Individual actions will help, but to create a Giver Culture, you have to intervene at the group level. Two ways to do this are the Reciprocity Ring from Humax, and the Give and Get App from Give and Take, Inc. These resources give groups structured platforms to enable people to ask for and offer meaningful help to one another. These tools are intrinsically energizing, and create measurable value for the people involved, and for their organizations.

How do you create a Giver Culture in your organization? What challenges do you run into? Share your experiences below!

Chris White (@leadpositively, leadpositively.com) is managing director of the Center for Positive Organizations (@PositiveOrg) at the University of Michigan’s Stephen M. Ross School of Business (@MichiganRoss). The Center is the convener of the Positive Organizations Consortium, a catalytic co-learning community of leaders actively building high-performing organizations where people thrive.

2016-04-13-1460561543-1885290-Depositphotos_52695501_original-thumb

4 Leverage Points for Being a Positive Leader

Originally at http://www.huffingtonpost.com/great-work-cultures/4-leverage-points-for-bei_b_9671564.html

When meeting with leaders interested in building positive organizations, one question recurs more often than the others: “where do we start?” As a manager myself, I can certainly relate to this. Good advice is seemingly limitless. Help to put it all together, however, is in short supply.

Followers of the Center for Positive Organizations, based at the University of Michigan’s Ross School of Business, might find this challenge more acute than most. For the last fifteen years, over 300 scholars around the world have been working under a broad umbrella of Positive Organizational Scholarship. Topics include transformational leadership, compassion at work, meaning and purpose in organizational life, ethics, forgiveness, energy, negotiations, generosity, and more.

Being a positive leader does not mean being perfect. We are all human beings, and will often fall short of our own personal expectations. Being a positive leader, however, does mean aspiring to build relationships and teams that are both high performing and enable people to thrive. It does mean choosing to focus on what is working well, and on peoples’ strengths, more than addressing their weaknesses.

So where to start: some moments as a leader are more important than others. Here are four leverage points for being a positive leader.

1. It all begins with you

There is no point in aspiring to be a positive leader unless you are sincerely committed to the journey. Indeed, trying this system in the hope of quick fixes or Band-Aid solutions may be counterproductive. If you are insincere, your colleagues will be able to sense it a mile away.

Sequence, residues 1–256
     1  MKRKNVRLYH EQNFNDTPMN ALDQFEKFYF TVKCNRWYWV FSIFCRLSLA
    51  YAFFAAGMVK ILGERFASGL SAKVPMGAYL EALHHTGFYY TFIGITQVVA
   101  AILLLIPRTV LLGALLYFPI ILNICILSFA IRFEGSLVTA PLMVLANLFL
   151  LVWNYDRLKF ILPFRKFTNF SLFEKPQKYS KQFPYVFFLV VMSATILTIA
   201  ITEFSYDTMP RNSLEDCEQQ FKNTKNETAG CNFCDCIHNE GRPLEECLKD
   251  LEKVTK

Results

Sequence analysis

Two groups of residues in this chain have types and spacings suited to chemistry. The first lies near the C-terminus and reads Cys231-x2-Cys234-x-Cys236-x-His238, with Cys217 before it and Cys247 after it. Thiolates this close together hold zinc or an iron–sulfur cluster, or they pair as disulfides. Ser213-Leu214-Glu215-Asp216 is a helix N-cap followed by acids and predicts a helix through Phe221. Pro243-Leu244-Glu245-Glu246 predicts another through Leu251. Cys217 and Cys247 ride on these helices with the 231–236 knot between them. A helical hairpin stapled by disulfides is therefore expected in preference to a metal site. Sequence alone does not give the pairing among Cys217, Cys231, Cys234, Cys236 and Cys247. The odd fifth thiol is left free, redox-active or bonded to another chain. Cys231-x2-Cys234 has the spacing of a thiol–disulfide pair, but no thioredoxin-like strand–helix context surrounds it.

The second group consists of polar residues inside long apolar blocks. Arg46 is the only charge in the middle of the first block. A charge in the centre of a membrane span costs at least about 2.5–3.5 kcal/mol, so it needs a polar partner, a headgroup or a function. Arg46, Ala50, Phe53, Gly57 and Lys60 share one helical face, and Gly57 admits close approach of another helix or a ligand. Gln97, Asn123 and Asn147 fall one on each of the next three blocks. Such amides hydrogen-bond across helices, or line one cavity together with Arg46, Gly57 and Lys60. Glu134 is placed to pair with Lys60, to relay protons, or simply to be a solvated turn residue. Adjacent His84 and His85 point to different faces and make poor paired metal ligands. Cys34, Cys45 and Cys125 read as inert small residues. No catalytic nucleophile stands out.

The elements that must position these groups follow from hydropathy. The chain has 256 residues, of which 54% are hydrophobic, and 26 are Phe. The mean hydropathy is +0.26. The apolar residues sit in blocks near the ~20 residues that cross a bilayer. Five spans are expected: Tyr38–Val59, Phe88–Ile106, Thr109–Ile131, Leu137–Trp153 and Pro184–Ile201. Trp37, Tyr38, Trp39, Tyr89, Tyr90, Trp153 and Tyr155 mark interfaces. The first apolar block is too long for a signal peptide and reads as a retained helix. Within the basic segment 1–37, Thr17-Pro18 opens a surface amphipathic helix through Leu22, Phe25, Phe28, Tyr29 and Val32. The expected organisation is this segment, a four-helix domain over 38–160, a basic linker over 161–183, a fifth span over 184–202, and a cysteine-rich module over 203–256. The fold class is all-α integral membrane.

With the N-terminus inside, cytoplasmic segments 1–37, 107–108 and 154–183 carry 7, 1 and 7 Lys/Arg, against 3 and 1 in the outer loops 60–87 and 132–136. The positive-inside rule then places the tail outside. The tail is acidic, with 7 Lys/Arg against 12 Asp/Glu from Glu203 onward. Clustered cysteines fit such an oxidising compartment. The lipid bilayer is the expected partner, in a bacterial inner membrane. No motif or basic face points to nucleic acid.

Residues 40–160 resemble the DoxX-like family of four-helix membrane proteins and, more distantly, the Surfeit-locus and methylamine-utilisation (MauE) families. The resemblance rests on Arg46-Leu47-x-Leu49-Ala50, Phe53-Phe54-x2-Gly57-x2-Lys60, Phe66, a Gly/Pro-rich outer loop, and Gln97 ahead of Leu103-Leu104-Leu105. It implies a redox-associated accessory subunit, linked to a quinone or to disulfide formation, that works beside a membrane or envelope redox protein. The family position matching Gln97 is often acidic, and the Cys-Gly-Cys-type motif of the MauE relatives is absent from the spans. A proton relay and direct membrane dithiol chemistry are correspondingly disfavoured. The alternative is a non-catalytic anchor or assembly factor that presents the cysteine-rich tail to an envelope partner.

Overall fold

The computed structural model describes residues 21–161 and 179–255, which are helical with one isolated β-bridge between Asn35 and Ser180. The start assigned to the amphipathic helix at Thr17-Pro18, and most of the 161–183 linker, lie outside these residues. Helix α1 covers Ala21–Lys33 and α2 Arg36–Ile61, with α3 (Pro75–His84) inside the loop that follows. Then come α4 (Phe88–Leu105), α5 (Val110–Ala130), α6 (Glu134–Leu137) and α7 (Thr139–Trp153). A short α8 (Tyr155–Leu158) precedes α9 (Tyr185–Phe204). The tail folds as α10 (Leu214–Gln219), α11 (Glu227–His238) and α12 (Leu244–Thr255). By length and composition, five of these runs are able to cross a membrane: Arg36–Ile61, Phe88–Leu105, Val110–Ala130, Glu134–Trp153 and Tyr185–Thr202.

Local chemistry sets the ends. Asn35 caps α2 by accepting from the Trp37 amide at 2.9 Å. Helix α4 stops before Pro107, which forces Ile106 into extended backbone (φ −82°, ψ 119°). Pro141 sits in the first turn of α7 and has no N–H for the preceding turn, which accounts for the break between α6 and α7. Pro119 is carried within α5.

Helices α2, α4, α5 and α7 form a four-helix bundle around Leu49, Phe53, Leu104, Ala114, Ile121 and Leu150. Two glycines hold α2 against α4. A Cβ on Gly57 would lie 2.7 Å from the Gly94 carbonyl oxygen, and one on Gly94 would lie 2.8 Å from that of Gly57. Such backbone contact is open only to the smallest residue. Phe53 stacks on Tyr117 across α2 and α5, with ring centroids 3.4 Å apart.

How can you take steps to integrate the identity of positive leadership in your own life? Consider starting with Ryan and Bob Quinn’s practical advice on how to be a transformational leader in their book, Lift 2.0.

2. Hire for energy, not just capability

To have a positively energized team, you need everyone on board to be either positive energizers or at least neutral. The moment you bring a negative energizer onto your team, it can suck the life out of the team. Michigan Ross Professor Wayne Baker, who has done fascinating and important work on energy networks in organizations, calls these people Black Holes.

To find positive energizers and create an upward trajectory for team dynamics, I ask myself three questions during the hiring process:

1. Does this person have the potential to be the best on the team in his or her area of responsibility?
2. Will this person not only fit our culture, but also enhance it with his or her own character?
3. Is this person committed to the same mission and vision as we are, to the extent they will stick around to make it happen, rather than jump at the next shiny opportunity that comes their way?

By only hiring people who meet these criteria, we are giving ourselves a good chance of continually improving our capability and culture.

3. Build high quality relationships

Being a positive leader involves creating and sustaining productive and energizing relationships with those around you. The social fabric you build will not only help in the day to day course of creating a great workplace, but will create a reserve of commitment and resiliency for when times are tough.

To get started, consider reading Energize Your Workplace by Jane Dutton, and then continuing with the Task Enabling Exercise. These resources will help you identify the most important relationships you have in the workplace, and how to strengthen them to make them even more meaningful and productive.

4. Unlock potential in the group

Many people view meetings as the bane of organizational existence. However, meetings also provide a great way to build alignment and work toward a defined culture. Work at a more collective level is a key step in becoming a positive leader. How can you create processes and systems to enable people to support and unlock potential in each other, even when you are not around?

One tool to help build this capacity in your team is the Positive Leadership Game. This exercise helps teams understand what it means to lead using the positive lens, and get into the habit of asking for and offering help to each other.

These are four leverage points you can prioritize in order to be a positive leader. How else might you make a positive difference in your organization?

Chris White (@leadpositively, leadpositively.com) is managing director of the Center for Positive Organizations (@PositiveOrg) at the University of Michigan’s Stephen M. Ross School of Business (@MichiganRoss). The Center is the convener of the Positive Organizations Consortium, a catalytic co-learning community of leaders actively building high-performing organizations where people thrive.

Lead Positive Change Without Authority

What factors should you consider in order to make your next change initiative successful? Jerry Davis and I did the Positive Links session this month. Click the image above to view it!